Everyone ‘knows’ that property markets are prone to booms and busts. However, according to Dr Nigel Stapledon, writing in the new Housing Australia report for the Committee for Economic Development of Australia, house price growth is only a recent post-war phenomenon. From 1880–1950s, house prices in Sydney and Melbourne were relatively stable. Yet, since the 1970s, Melbourne has seen three major cycles and Sydney, five.

Dr Stapledon claims that people began returning to cities in the 1950s for two main reasons. Manufacturers began relocating to the urban fringes for more room. At the same time, well paid financial and information service sector workers moved back in. People also saw inner city living as a way to avoid commuting through the problem of increasing congestion. The process of inner urban gentrification began.

The most recent boom from mid-1990s to mid-2000s is part of a longer-term trend toward the rise of the city. “This is directly related to the revolutionary introduction of trains/ trams in the 19th century and most significantly the motor car, which lowered the cost of commuting and transporting goods around a city and allowed cities to grow,” writes Dr Stapleton. With shiny new automobiles people quickly opted to move out of the crowded inner cities, which went into decline.

Boom! The late 90s

Throughout the seventies and eighties, the Australian economy struggled against persistent high inflation and unemployment. A deep recession in the late eighties eliminated high inflation and, from 1991, Australia was on course for strong economic performance. The housing finance market was deregulated and there was intense competition between lenders within a relatively low inflationary environment. However, bad memories of 1980s’ interest rates, peaking at 17%, lingered. It wasn’t until the second half of the 1990s that people accepted the certainty of a low inflation/low interest regime.

The first property boom spanned 1996–2004, Sydney leading the charge with a rise of 85%. Dr Stapledon writes that eventually an overshooting market met the lag in supply, putting downward pressure on rents. From 2004–06, prices went down 9%.

Australians soon came to believe that the first boom had been a one-off response to low rates. They were proved wrong. Firstly, the 2007-08 global financial crisis ended the US and European housing booms and global interest rates reduced sharply. Asset markets, including housing, became highly desirable. In addition, rising immigration tightened Australian markets and rents increased again. Investment properties became more attractive. The Australian property market surged again.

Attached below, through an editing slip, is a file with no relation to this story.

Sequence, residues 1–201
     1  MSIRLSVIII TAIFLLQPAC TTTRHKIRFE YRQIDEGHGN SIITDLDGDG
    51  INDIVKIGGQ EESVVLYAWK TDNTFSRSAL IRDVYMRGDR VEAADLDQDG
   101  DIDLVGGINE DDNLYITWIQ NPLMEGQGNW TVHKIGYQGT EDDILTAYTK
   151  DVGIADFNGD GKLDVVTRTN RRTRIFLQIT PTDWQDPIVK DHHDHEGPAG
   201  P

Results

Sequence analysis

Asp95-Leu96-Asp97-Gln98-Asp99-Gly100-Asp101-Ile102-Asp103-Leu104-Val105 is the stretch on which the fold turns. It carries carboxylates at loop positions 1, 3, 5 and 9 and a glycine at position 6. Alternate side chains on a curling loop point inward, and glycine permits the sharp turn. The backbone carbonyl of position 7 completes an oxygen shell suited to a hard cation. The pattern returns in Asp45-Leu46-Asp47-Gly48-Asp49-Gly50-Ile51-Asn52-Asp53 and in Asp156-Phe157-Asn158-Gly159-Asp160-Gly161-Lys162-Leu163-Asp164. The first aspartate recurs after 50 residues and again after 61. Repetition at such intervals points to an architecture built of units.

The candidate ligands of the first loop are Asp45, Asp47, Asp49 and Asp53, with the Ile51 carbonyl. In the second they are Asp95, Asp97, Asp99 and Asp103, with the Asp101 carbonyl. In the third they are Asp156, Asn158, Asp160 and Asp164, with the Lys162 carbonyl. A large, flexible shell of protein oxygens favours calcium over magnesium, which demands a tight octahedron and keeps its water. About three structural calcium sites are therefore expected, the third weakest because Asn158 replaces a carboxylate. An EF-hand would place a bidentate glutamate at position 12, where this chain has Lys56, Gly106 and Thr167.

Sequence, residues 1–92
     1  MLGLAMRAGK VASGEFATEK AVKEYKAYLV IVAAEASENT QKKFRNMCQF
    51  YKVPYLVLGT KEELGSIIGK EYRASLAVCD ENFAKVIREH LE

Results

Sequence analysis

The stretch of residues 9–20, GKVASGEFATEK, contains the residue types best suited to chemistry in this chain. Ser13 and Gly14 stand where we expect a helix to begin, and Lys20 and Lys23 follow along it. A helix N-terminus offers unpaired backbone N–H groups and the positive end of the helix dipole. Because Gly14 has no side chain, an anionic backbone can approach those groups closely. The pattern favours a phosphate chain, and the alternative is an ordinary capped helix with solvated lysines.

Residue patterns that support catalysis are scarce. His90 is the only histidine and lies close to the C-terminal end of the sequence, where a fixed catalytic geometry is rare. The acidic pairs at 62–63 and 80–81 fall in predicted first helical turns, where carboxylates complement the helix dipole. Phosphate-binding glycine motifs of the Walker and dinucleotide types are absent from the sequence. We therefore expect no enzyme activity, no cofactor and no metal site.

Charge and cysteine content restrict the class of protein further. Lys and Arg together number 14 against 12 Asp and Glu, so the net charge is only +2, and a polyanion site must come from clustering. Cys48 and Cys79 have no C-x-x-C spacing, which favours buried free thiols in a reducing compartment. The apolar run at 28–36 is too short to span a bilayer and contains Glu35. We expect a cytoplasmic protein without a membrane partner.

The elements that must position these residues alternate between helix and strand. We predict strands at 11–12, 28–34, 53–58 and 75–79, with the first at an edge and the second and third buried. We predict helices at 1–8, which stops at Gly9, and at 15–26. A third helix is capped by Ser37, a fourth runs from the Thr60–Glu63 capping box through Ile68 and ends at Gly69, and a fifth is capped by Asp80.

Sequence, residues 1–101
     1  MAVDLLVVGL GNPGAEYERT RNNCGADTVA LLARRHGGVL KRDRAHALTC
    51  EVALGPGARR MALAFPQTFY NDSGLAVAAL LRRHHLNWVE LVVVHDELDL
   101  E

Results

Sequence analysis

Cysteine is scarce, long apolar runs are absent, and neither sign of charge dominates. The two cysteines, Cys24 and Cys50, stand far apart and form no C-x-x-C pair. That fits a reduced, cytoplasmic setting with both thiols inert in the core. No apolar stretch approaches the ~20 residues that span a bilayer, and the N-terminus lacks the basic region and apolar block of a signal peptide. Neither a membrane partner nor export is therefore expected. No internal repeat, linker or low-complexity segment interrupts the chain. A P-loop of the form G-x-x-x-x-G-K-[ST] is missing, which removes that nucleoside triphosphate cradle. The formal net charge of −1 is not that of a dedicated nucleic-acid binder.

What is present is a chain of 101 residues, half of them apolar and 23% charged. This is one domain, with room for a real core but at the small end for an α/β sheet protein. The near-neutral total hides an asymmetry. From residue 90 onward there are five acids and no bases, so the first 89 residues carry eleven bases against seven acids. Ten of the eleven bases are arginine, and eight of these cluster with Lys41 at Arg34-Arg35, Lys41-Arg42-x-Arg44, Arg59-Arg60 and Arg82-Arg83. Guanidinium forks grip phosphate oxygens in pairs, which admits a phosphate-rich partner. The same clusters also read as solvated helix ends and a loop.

The tapering of the resources boom in 2012, led the RBA to cut interest rates aggressively. It was hoped that housing growth would fill the gap created by the collapse in mining investment. This strategy led to the 2012–17 boom. Record low rates, 25 years of continuous growth and strong migration has seen Australian capital city house prices balloon by an average of 30%.

Ignore history at your peril

The Perth market is the perfect example of the boom and bust property cycle. At the epicentre of the resources boom, it experienced a rise of 173%, at one point even briefly touching Sydney’s median price. Currently, it continues on a downward trend.

The biggest influence over the property market for the past twenty years has been interest rates. The average historical bank rate is around 8%. It would be foolish to ignore this fact. However, history also tells us that, in supply constrained and amenity rich Australian cities like Melbourne, demand grows significantly more than the surrounds. The best option in the longer term is therefore to purchase property in an inner urban area. As the old saying goes, “don’t wait to buy land, buy land and wait.”

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